A pedestrian bridge built in Ithaca 12 years ago has never been used, but might finally open up.
The span was built over the four-lane section of Route 13 in 2001 so that nearby trails on each side of the road could be connected. But the sections of trail haven't been built, so each end of the bridge is sealed off by chain-link fences.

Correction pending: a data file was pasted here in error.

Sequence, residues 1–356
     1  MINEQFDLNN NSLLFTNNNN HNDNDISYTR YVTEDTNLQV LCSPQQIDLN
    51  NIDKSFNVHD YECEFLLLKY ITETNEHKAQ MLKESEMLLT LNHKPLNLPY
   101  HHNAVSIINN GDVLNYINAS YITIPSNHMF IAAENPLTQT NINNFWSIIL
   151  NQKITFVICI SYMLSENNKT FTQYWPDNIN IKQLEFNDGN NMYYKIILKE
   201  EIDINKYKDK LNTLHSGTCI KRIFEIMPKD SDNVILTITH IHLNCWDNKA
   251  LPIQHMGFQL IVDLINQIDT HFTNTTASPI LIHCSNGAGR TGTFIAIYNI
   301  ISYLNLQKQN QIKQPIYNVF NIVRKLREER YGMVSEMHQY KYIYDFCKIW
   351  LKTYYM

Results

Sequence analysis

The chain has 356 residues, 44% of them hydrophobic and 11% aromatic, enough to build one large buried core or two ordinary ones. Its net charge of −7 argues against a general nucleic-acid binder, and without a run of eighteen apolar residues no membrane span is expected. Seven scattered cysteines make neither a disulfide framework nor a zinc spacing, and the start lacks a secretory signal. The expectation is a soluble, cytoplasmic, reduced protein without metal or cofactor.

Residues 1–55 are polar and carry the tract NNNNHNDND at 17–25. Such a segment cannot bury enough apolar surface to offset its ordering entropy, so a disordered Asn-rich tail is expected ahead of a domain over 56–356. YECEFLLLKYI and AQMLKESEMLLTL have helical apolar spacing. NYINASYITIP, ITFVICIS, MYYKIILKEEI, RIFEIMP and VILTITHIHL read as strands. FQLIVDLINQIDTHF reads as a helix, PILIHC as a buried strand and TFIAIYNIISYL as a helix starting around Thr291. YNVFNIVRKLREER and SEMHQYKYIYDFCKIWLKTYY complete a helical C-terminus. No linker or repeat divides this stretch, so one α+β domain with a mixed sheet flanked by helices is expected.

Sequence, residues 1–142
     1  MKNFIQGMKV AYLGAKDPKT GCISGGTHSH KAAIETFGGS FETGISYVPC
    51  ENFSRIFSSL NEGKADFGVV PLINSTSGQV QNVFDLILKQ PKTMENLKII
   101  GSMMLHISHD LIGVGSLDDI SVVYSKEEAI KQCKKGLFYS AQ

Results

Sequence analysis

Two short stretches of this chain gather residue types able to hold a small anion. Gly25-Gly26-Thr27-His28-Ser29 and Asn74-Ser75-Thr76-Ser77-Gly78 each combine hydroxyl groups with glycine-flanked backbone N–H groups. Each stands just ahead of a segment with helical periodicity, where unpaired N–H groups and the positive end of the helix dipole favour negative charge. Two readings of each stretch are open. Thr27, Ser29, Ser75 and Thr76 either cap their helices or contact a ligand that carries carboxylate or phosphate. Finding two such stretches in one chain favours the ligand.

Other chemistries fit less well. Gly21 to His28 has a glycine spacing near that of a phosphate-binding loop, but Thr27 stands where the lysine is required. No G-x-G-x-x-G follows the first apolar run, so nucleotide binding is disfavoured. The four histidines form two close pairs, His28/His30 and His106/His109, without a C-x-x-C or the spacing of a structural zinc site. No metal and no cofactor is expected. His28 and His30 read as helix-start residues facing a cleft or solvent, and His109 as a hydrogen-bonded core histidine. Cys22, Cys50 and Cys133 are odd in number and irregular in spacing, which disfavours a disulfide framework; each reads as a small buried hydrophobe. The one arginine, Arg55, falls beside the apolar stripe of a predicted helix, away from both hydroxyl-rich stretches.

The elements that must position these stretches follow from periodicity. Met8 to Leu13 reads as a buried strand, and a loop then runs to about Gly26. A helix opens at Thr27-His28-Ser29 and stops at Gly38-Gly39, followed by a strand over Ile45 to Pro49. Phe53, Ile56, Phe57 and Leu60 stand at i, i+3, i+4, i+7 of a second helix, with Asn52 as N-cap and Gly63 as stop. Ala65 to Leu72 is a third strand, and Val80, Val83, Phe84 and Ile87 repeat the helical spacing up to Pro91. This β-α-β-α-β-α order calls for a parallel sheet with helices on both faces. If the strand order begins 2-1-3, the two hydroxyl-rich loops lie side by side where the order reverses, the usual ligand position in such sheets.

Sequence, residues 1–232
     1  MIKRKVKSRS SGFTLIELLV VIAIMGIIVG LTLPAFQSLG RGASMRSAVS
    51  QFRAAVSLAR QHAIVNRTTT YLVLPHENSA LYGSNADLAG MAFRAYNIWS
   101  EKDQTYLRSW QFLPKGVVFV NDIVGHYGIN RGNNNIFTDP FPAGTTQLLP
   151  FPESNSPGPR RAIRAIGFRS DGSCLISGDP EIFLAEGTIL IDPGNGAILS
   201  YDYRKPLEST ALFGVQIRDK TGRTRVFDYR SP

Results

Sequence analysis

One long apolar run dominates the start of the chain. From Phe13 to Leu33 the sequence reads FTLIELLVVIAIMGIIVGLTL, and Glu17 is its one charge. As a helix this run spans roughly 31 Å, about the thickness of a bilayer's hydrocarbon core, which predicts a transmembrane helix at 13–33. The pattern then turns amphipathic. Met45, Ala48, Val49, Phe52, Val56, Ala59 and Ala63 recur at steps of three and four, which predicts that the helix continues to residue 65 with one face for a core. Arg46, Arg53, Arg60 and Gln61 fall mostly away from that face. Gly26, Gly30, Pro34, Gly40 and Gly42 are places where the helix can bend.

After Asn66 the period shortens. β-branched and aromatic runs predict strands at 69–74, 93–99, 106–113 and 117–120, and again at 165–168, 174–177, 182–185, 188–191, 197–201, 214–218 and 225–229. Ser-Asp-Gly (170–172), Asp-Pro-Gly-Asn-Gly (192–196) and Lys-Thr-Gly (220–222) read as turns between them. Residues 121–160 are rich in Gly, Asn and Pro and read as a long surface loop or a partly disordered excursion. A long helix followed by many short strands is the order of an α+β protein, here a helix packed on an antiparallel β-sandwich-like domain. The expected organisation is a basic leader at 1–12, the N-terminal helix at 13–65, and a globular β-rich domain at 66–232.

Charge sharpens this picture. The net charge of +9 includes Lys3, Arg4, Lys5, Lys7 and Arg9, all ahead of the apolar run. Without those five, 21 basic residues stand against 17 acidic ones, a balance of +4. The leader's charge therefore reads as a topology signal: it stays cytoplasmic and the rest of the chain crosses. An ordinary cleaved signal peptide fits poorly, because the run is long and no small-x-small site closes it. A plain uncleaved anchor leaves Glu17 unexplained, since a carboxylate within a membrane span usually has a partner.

The Ithaca Common Council recently approved a resolution to spend $15,000 to inspect the bridge over Route 13.Town of Ithaca Supervisor Herb Engman says the inspection is a requirement for grant money to complete the trail. He says design work on the trails is moving forward and is on track to open the bridge within the next year. "The bridge hasnâ??t been used for the past decade, but it will be used for many decades to come," says Engman Engman says the town has had the money for years to work on the trails surrounding the bridge; however, a piece of property needed to connect the trails was owned by Emerson Power. At the same time that Emerson Power announced it would sell the property to the town for the trail, the company itself was sold. Engman says the sale of Emerson Power caused work on the trails to be in a â??limbo stateâ?? while they waited to establish a right of way. He says it took some time for right of way conversations to begin with the new owner. "We built phase one and three of that and we are now ready to build phase two. These projects take a long time, they get phased and there's really no way around that," said City of Ithaca Director of Engineering Tom West. $250,000 of the $365,000 it cost to build the bridge in 2001 was covered by a grant. West says that when it comes to grant funding, you need to act when the money is available. Several other pieces of the trail network were also underway when the bridge was built in 2001 but both West and Engman say the Emerson Power sale caused delays that were unavoidable. West says the bridge remains in good shape but still needs to be inspected because it's a piece of city-owned infrastructure. The span is currently known in Ithaca as "the bridge to nowhere." (Information from the Associated Press was used in this report.)